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Is this the future of the British monarchy?

January 11, 2020

I have no opinion on Harry and Meghan. Clearly The Times – which yesterday published a leader column, two op-eds and six pages of reporting about the couple’s rupture with the royal family – thinks that enough of its readers do have an opinion. Either that or it reckons that we readers have enough of an interest in the royals that an opinion can be implanted in us.

From a brief scan of the headlines in other newspapers, it’s reasonable to assume that The Times’s obsession with this story is shared by everyone else in the print media.

If I were to be really cynical, I could probably make a case that in the US, Donald Trump chose to eviscerate General Soleimani in order to divert attention from his embarrassing impeachment trial, whereas someone in our shameless government persuaded Harry and Meghan to go public with their bombshell announcement now so as to draw attention away from early signs of Brexit chickens coming home to roost.

But I’m not a cynic, and the thought never occurred to me that whereas the Americans are panicking about World War III, we in Britain are working ourselves into an equal frenzy about one branch of the royal family peeling off to do its own thing.

I do wonder what foreign observers must think of our collective nervous breakdown over the sixth-in-line to the throne. Some no doubt are fascinated, but the rest must surely think we’re barking mad.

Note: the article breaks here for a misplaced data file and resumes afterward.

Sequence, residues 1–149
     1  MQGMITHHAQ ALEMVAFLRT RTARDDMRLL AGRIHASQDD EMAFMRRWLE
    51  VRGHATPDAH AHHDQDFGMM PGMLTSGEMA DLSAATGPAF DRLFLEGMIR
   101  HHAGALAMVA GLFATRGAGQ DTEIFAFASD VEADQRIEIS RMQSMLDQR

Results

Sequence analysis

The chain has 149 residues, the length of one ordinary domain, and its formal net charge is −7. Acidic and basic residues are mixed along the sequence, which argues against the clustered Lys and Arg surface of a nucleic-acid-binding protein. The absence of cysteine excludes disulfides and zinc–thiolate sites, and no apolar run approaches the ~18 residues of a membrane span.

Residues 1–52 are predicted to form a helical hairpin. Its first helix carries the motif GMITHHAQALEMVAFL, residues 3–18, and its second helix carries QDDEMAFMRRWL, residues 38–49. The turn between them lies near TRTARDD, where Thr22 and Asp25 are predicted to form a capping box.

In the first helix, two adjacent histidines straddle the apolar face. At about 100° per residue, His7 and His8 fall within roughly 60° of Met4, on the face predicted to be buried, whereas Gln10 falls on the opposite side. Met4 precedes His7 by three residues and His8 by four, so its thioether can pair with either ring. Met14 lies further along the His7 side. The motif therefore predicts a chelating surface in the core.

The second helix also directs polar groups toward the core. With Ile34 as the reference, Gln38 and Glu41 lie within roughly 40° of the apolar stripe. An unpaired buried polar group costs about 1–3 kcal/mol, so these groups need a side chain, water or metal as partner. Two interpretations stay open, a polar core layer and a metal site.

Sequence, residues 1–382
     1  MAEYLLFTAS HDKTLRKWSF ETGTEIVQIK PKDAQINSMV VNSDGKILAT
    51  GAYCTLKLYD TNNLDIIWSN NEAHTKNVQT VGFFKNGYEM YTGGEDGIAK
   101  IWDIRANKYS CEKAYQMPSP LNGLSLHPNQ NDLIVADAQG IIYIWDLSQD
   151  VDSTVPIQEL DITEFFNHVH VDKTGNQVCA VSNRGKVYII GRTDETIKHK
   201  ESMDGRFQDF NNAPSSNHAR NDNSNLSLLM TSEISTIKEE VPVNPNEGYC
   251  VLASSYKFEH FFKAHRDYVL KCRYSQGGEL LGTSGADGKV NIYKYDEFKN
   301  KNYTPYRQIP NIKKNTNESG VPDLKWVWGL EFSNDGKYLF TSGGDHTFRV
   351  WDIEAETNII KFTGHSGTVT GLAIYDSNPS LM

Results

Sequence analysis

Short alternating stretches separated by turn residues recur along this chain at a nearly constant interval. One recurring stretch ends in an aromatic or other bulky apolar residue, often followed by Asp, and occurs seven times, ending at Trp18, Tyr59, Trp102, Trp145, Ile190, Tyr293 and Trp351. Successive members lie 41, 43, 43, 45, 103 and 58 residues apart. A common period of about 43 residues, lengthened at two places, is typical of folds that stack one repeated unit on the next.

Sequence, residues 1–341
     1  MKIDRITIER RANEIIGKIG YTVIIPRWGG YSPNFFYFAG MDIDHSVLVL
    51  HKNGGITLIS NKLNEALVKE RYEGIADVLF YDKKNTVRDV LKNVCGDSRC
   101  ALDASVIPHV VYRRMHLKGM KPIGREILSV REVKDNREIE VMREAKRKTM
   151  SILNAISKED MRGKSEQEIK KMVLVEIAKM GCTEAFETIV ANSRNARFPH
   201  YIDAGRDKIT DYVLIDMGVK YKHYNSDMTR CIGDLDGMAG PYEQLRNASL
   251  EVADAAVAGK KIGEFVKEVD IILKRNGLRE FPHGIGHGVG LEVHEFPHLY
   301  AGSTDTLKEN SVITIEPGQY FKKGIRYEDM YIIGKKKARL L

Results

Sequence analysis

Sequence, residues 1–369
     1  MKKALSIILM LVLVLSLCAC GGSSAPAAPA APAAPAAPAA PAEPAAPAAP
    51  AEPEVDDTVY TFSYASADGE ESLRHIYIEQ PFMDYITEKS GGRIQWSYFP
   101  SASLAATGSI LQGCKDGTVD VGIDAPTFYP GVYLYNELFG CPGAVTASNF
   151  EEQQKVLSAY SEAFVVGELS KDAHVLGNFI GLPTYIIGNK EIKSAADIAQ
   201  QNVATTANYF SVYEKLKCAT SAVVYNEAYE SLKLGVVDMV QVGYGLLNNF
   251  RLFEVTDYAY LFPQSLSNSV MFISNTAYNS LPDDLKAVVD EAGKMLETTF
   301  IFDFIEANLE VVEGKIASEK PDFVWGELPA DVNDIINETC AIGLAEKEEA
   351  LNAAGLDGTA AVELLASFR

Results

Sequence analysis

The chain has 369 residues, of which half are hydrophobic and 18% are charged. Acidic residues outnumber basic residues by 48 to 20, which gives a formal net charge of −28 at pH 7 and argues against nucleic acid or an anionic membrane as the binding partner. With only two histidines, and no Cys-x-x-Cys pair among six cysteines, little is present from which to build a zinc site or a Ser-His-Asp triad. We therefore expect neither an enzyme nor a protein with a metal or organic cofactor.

While it’s true that there are plenty of people in my country who care deeply about the royals, as witness the popular response to the death of Harry’s mum, Princess Diana, I wonder how many of us are truly bothered, beyond a profound respect for Her Majesty, about the comings and goings of the rest of the Firm.

For sure, the newspapers would miss Harry and Meghan if they disappeared, and thousands of trolls would be devastated to lose a favourite target.

The rest of us are quite content with having a relatively inert figurehead at the apex of our society. For those looking for a little excitement from our head of state and her family, the Harry and Meghan saga is just about as good as it gets. Alas, the Crown was long ago stripped of the ability to make mayhem and stir up passions over real issues. Which is a shame, because our monarchy has a fascinating history. They don’t make kings and queens like Richard the Lionheart, Henry V, Richard III, Henry VIII, the first Elizabeth and Charles I anymore.

I also wonder what we would do if the monarchy, under the aegis of King Charles III, decided in a final constitutional meltdown to abolish itself. We would then have a republic and would have to decide between an executive presidency and another figurehead, presumably elected on a regular basis.

My guess is that the ego of Boris Johnson would propel him towards an executive head of state on the French model, Macron-style, provided that he could become president. Before Donald Trump took power, perhaps the American way would have been favoured. But the notion of the United States as a stable democracy with checks and balances between the executive, the legislature and the judiciary is somewhat discredited after three years of Trump’s wrecking ball.